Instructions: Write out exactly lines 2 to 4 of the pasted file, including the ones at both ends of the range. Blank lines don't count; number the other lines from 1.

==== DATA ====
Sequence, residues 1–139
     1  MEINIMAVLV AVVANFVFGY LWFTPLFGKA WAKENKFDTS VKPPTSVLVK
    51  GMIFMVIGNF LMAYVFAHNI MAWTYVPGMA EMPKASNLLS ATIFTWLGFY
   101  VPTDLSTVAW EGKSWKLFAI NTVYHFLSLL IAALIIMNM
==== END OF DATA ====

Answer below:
     1  MEINIMAVLV AVVANFVFGY LWFTPLFGKA WAKENKFDTS VKPPTSVLVK
    51  GMIFMVIGNF LMAYVFAHNI MAWTYVPGMA EMPKASNLLS ATIFTWLGFY
   101  VPTDLSTVAW EGKSWKLFAI NTVYHFLSLL IAALIIMNM